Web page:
Today I tried using pyPdf 1.12 in a script I was writing that targets Python 2.6. When running my script, and even importing pyPdf, I get complaints about deprecated functionality (md5->hashsum, sets). I'd like to contribute a patch to make this work cleanly in 2.6, but I imagine the author does not want to break compatibility for older versions (2.5 and earlier).

Searching Google and Stack Overflow have so far turned up nothing. I feel like I have seen try/except blocks around import statements before that accomplish something similar, but can't find any examples. Is there a generally accepted best practice for supporting multiple Python versions?

3 Answers 3


There are two ways to do this:

(1) Just like you described: Try something and work around the exception for old versions. For example, you could try to import the json module and import a userland implementation if this fails:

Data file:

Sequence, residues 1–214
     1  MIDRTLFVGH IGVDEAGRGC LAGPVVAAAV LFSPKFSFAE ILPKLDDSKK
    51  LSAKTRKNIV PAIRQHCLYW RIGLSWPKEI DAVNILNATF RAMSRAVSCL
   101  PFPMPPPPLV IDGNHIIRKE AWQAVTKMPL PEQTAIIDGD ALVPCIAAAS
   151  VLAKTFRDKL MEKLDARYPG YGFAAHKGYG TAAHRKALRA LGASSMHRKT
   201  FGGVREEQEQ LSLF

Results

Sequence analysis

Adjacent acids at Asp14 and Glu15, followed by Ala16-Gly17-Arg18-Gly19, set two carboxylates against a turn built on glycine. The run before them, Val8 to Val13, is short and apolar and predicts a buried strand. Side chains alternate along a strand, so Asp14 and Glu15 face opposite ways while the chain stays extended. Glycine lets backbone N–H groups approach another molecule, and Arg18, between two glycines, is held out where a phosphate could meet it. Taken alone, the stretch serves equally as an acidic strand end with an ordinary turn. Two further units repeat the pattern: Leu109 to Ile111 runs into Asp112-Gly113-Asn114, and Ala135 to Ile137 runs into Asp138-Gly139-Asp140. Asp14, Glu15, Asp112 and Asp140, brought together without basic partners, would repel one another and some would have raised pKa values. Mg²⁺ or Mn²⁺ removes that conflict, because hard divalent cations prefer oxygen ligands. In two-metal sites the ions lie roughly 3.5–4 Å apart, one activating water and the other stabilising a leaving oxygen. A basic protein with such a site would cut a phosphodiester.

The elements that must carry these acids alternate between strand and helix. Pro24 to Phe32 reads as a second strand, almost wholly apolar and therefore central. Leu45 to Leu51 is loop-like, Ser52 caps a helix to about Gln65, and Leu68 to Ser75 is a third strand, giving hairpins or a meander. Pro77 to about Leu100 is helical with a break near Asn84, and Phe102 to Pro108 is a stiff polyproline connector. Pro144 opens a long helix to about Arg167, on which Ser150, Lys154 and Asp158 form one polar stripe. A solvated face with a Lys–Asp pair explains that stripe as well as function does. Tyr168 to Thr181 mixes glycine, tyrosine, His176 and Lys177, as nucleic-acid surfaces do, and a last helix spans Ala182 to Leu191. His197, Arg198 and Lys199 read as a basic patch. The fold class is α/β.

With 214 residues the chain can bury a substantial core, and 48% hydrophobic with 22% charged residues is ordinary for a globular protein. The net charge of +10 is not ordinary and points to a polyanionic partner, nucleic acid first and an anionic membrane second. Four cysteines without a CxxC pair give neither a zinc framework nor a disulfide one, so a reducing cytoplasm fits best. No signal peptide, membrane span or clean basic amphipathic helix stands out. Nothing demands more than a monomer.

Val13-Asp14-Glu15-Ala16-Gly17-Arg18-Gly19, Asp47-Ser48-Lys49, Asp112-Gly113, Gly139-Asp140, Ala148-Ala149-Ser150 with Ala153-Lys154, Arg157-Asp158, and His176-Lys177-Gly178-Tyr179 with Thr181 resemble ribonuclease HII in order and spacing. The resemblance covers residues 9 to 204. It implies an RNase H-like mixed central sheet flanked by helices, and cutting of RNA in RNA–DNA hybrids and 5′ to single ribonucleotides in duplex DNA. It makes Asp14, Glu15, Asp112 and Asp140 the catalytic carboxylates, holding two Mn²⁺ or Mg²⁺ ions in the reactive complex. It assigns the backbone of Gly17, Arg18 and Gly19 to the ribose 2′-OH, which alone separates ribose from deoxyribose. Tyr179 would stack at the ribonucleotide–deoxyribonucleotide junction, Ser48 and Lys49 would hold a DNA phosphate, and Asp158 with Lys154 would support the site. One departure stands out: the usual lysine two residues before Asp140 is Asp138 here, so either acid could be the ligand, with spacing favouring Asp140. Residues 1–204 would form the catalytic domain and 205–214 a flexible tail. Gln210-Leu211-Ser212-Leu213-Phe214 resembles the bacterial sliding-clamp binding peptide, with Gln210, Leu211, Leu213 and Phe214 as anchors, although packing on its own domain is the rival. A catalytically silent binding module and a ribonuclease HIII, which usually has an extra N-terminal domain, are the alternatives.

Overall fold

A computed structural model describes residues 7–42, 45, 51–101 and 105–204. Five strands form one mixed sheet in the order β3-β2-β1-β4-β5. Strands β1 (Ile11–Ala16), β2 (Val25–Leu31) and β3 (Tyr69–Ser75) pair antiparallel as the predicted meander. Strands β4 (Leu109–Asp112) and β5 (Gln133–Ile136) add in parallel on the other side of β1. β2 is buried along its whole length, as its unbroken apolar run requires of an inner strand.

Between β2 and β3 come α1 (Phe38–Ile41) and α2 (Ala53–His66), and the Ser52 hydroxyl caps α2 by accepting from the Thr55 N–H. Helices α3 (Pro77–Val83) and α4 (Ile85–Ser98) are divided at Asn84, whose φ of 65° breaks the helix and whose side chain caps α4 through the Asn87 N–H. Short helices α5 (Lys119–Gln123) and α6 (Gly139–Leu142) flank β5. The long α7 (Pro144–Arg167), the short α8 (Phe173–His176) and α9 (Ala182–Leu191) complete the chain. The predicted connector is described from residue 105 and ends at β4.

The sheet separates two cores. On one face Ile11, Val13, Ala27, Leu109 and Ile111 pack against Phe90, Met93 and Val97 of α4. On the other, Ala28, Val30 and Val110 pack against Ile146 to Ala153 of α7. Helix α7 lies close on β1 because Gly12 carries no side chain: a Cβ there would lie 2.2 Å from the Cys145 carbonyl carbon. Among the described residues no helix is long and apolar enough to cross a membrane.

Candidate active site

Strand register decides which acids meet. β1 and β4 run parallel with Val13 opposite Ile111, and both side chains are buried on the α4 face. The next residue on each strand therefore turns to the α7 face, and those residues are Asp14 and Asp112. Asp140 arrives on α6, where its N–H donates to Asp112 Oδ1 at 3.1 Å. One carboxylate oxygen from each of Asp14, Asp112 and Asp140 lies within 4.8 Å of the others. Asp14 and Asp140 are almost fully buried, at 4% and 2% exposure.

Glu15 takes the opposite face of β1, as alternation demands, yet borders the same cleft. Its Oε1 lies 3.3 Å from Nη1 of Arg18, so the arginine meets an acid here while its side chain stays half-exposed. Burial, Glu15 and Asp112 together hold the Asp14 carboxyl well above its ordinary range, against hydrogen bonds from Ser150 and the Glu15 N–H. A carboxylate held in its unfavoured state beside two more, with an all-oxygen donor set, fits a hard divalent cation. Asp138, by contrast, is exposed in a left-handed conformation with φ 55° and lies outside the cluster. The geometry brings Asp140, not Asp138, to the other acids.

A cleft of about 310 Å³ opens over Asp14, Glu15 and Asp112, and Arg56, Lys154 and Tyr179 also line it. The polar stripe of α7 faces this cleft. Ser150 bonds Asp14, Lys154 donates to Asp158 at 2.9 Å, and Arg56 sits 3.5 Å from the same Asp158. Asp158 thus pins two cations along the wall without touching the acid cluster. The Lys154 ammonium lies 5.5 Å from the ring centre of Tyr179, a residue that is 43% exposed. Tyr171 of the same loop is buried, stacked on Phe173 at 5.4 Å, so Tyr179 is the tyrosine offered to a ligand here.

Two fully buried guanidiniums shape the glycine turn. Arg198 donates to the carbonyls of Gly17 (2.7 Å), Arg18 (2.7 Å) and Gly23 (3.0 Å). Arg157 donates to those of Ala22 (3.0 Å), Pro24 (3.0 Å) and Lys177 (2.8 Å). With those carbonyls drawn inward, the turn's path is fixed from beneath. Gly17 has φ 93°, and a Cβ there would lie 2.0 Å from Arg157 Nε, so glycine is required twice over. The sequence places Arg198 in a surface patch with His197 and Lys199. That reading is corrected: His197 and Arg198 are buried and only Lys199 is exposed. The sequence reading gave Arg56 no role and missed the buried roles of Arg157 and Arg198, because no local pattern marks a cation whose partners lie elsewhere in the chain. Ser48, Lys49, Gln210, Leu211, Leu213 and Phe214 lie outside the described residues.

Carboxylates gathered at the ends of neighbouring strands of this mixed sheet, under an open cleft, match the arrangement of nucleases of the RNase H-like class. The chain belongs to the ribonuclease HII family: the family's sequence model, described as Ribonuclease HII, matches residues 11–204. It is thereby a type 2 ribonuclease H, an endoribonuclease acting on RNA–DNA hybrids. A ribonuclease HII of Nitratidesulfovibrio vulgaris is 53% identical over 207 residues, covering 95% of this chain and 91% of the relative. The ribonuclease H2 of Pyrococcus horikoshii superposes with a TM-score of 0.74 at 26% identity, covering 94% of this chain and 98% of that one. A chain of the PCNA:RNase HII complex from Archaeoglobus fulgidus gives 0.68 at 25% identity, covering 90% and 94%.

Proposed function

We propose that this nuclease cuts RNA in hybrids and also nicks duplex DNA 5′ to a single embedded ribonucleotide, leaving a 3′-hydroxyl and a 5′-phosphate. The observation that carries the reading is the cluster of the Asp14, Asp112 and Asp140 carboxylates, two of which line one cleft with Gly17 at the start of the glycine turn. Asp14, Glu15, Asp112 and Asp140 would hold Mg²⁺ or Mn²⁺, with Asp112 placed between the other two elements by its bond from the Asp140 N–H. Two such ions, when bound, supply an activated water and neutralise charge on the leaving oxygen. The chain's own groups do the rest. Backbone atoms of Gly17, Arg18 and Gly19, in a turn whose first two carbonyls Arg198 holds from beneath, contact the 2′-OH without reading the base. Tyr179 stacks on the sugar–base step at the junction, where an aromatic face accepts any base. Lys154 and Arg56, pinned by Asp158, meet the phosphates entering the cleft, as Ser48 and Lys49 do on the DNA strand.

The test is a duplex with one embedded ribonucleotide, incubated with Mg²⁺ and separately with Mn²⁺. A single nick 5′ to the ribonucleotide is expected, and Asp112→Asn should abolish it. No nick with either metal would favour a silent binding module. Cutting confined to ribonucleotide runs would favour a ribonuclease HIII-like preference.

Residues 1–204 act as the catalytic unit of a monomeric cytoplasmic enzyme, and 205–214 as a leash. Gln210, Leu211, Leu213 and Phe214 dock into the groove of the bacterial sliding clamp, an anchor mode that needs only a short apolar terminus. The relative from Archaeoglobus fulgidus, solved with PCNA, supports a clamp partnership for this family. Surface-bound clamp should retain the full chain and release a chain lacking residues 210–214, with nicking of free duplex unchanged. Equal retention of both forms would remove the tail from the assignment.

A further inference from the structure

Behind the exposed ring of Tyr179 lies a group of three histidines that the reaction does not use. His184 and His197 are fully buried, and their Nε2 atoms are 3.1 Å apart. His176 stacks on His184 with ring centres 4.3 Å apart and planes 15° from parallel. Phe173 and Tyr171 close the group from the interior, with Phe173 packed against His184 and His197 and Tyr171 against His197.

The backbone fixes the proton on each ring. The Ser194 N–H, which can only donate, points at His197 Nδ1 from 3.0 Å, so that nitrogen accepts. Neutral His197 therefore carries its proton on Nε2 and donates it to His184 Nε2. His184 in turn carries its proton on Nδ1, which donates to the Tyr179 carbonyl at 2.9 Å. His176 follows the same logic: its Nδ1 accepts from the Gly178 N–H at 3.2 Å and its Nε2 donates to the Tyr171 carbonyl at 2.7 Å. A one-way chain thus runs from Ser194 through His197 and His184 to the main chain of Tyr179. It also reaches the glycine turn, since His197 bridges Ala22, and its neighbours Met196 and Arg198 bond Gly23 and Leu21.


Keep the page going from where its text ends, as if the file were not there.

import json
except ImportError:
    import myutils.myjson as json

This is an example from Django (they use this technique often):

except NameError:
    from django.utils.itercompat import reversed     # Python 2.3 fallback

If the iterator reversed is available, they use it. Otherwise, they import their own implementation from the utils package.

(2) Explicitely compare the version of the Python interpreter:

import sys
if sys.version_info < (2, 6, 0):
    # Do stuff for old version...
    # Do 2.6+ stuff

sys.version_info is a tuple that can easily be compared with similar version tuples.


You can certainly do

  import v26
except ImportError:
  import v25

Dive Into Python—Using Exceptions for Other Purposes


Multiple versions of Python are supported here. You can a) conditionally use the newer version, which takes a little work, or b) turn off the warnings, which should really be the default (and is on newer Pythons).

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